Theresa May’s attitude towards drug policy is backward – the legalisation of cannabis could provide the UK with many economic and social benefits. Let’s end the war on drugs.
More and more countries are becoming open towards the legalisation of cannabis and other drugs. Germany and Canada are making steps towards it, many American states (most recently California, Massachusetts, and Nevada) have legalised it for recreational use, and the UK… has banned legal highs in the Psychoactive Substances Act. Oh.
With the Snooper’s Charter and internet censorship looming, and Theresa May’s staunch anti-drug stance evident, it looks like the UK is going backwards in terms of civil liberties. Yet the Prime Minister only needs to look at countries such as Portugal and the Netherlands to see how the legalisation (or at least decriminalisation) of drugs can bring about huge economic benefits, as well as profound social change.
For example, the Netherlands decriminalised cannabis for use in public places and cannabis “coffee shops” in 1976 with the Opium Act, as long as the user is in possession of less than 5 grams. The government believed that keeping cannabis use to safe spaces like “coffee shops” would prevent young people from moving on to “hard” drugs such as cocaine and heroin.
A report from the Open Society Global Drug Policy Program shows that the Opium Act has very much succeeded its aim. In the report, only 14% of cannabis users surveyed reported that their suppliers also offered other drugs. Compare that to Sweden’s 52% and it becomes a telling statistic. The separation of hard and soft drug markets in the Netherlands means that many Dutch have limited exposure to cocaine or heroin – Holland has the lowest number of problem drug users in the EU, according to the report.
Or take a look at Portugal. In 2001, the government passed legislation that meant that the possession of small amounts of an illegal drug would no longer be a criminal offence punishable by prison, but a health problem solved by therapy. Dealers and growers still face jail time, but help is given to those who need it, instead of a prison sentence that doesn’t address the underlying issue and take up government resources.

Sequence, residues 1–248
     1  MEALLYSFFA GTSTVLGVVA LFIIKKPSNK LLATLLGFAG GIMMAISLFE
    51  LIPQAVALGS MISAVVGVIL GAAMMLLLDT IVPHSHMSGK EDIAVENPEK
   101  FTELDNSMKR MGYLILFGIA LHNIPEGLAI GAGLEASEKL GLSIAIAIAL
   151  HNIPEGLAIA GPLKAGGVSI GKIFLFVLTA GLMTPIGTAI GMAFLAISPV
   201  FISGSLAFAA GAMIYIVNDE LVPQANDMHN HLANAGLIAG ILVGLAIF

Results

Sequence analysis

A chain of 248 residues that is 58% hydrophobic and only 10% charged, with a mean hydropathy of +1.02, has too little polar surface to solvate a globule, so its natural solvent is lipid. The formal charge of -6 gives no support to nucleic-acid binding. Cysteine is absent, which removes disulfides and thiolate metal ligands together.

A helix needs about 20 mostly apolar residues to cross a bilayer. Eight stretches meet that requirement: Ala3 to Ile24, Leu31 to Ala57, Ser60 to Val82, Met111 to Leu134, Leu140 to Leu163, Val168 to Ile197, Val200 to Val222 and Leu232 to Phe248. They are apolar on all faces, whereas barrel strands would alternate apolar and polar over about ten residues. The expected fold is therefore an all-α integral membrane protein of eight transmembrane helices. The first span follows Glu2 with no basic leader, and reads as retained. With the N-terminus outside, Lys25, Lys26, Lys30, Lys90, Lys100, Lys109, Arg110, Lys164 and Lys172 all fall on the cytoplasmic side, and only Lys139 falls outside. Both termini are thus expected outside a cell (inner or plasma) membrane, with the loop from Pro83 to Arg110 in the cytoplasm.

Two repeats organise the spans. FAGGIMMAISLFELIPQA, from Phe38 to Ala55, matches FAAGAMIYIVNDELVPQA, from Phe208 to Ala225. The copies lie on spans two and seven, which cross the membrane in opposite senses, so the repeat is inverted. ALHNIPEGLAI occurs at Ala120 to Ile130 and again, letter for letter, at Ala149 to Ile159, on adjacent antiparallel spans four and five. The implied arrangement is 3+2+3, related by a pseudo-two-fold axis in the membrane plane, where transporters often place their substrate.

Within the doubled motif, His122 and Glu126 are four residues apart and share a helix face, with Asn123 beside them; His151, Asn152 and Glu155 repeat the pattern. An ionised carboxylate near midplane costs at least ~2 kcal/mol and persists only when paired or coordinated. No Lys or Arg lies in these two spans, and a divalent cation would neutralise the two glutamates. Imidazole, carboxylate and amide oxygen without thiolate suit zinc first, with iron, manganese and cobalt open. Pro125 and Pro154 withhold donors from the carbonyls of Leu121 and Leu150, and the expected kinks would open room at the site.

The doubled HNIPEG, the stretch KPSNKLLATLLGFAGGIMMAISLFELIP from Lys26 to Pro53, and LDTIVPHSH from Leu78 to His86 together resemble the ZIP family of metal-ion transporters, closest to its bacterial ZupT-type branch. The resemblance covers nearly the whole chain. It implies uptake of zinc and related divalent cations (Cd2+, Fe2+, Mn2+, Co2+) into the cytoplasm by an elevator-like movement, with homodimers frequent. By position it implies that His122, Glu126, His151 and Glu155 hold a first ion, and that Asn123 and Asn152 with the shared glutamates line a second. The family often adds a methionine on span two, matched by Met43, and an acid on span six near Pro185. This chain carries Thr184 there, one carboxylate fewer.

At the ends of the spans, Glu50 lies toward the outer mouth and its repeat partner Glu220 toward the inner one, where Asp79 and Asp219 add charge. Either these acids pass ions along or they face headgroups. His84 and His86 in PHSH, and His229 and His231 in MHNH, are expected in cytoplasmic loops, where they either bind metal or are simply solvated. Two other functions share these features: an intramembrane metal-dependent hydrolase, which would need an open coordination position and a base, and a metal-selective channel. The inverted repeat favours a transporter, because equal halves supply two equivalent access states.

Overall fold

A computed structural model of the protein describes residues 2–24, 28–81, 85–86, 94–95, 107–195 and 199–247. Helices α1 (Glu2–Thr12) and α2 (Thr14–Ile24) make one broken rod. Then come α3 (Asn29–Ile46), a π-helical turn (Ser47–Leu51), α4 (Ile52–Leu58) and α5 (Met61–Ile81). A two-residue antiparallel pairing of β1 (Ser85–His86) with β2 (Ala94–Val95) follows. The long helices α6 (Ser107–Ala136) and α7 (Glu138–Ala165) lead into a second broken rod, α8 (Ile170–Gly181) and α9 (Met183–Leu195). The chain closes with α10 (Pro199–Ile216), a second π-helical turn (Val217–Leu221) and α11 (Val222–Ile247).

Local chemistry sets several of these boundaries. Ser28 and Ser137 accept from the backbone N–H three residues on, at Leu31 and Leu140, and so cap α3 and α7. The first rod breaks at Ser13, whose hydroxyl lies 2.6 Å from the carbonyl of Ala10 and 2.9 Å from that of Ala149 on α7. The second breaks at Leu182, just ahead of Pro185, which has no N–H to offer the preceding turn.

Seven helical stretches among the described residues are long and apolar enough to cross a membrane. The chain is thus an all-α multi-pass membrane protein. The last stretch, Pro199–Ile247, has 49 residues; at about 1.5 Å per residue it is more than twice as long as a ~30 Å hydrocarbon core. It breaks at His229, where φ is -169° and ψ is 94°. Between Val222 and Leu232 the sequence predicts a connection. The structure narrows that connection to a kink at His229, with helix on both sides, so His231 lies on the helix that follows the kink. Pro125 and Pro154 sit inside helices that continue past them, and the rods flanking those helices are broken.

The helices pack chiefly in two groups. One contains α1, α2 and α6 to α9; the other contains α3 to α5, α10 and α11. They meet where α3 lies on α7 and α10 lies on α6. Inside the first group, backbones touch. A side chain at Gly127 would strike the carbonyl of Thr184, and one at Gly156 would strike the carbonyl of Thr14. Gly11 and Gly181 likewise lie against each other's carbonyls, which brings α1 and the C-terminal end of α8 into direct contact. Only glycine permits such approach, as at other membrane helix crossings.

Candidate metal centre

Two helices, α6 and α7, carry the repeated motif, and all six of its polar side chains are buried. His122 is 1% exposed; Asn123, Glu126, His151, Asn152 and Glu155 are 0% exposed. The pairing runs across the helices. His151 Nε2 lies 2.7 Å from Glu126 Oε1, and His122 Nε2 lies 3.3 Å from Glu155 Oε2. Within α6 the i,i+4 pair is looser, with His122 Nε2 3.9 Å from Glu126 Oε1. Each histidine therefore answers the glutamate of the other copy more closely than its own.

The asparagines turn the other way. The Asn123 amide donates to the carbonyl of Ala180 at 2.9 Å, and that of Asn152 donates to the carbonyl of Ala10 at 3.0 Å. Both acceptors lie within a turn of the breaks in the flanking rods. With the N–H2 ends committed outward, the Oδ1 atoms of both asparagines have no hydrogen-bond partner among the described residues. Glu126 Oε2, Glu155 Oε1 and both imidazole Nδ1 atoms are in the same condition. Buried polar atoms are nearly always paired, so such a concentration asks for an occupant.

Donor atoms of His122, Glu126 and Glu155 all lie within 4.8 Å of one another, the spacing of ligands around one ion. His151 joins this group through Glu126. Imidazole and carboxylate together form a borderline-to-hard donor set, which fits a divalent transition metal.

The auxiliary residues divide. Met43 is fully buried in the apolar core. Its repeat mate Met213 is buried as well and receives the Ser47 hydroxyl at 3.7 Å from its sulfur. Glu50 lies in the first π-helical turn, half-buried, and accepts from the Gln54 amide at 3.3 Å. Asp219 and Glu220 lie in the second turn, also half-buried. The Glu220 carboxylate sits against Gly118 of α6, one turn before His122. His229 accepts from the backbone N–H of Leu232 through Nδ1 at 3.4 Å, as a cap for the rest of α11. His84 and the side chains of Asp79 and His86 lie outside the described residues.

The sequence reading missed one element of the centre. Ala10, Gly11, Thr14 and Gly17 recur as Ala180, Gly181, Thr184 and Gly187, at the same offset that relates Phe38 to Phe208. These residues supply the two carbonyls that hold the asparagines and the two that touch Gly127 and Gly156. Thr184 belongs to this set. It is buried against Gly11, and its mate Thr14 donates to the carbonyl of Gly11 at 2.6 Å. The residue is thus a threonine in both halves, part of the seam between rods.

15 years later, and Portugal isn’t some drug-laden wasteland where addicts roam the streets and cartels control everything – in fact, it’s quite the opposite. Drug-related HIV infections fell by over 90 per cent from 2001 to 2012, and as of 2015 Portugal has the second-lowest drug death rate in the EU at three deaths per million people. Not only that, but the amount of adults who said that they’d taken drugs in the past year fell between 2001 to 2012, and young Portuguese use the fewest legal highs out of any EU country. Not bad for a country that, in 1999, had one per cent of its population addicted to heroin and the highest rate of drug-related AIDS death in the EU.
Legalising cannabis and other drugs could also benefit the UK economically. A tax on drugs could bring more money to the Treasury – neoliberal think tank The Adam Smith Institute (backed by MPs such as former Deputy Prime Minister Nick Clegg and former Health Minister Norman Lamb, among others) claims in a report that a legal cannabis market could potentially net between £750 million and £1.05 billion, which could be fed into the NHS, an organisation that desperately needs funding. In fact, in 2015 the US state of Colorado made so much revenue from cannabis sales that it legally had to give some back to the population in the form of tax rebates!
With less arrests, the number of prisoners would be reduced, and therefore taxpayer funds would be saved – the 1,363 cannabis-related prisoners in England and Wales costs the government £50 million a year. Why should someone have their life ruined just because they ingest a certain plant – and why should taxpayers have to foot the bill?
Regulation could also be put in place, were cannabis to be legalised. While criminal gangs can cut costs with a number of harmful substances, government-regulated cannabis growers would be put under checks in order to ensure that their product is pure and not tainted. It should also be put under the same regulations that tobacco and alcohol are in terms of selling. It shouldn’t be sold to anyone under 18, it should be sold with plain packaging, and there should be plenty of resources that show the medical problems that can stem from cannabis and where to get help in case of addiction.
Plenty of studies have also revealed cannabis’ medical benefits. It’s a depressant, which means that those who suffer from anxiety, depression, ADHD, PTSD, or other mental problems can use it to relax, as well as cannabis’ ability to act as a painkiller. A study in May 2012 showed that it could ease multiple sclerosis symptoms, while another showed that it had the possibility to ease the tremors of those suffering from Parkinson’s disease. Granted, there’s a lot that we don’t know about cannabis, and scientists are still investigating its medical use, but surely legalising it would give researchers more data with which to determine its usefulness.
Sure, cannabis does have its dangers, but so do other legal drugs like alcohol and tobacco. Sure, cannabis has its medical downsides, but so do alcohol and tobacco. In 2014, there were 8,697 alcohol related deaths in the UK according to the Office for National Statistics, while in 2013 78,200 people died prematurely for tobacco-related reasons.
So why don’t we legalise it? Cannabis has medical benefits, is generally safer than alcohol and tobacco, and legalising it would bring in plenty of money for the government. If Portugal is anything to go by, the best way forward is mass drug decriminalisation. It’s time for governments to embrace legalisation and reap the benefits – the war on drugs has failed, so now is the time to move to more progressive policies.
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